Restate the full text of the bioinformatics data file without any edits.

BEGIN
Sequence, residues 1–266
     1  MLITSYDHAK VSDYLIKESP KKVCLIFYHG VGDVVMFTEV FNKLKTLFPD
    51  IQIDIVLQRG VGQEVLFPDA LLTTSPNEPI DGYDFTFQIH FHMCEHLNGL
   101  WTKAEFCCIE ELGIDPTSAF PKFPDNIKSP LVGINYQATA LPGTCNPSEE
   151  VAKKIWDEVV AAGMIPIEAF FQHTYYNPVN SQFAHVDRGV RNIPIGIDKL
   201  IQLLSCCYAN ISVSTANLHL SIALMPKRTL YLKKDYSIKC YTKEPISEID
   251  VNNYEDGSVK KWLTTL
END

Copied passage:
Sequence, residues 1–266
     1  MLITSYDHAK VSDYLIKESP KKVCLIFYHG VGDVVMFTEV FNKLKTLFPD
    51  IQIDIVLQRG VGQEVLFPDA LLTTSPNEPI DGYDFTFQIH FHMCEHLNGL
   101  WTKAEFCCIE ELGIDPTSAF PKFPDNIKSP LVGINYQATA LPGTCNPSEE
   151  VAKKIWDEVV AAGMIPIEAF FQHTYYNPVN SQFAHVDRGV RNIPIGIDKL
   201  IQLLSCCYAN ISVSTANLHL SIALMPKRTL YLKKDYSIKC YTKEPISEID
   251  VNNYEDGSVK KWLTTL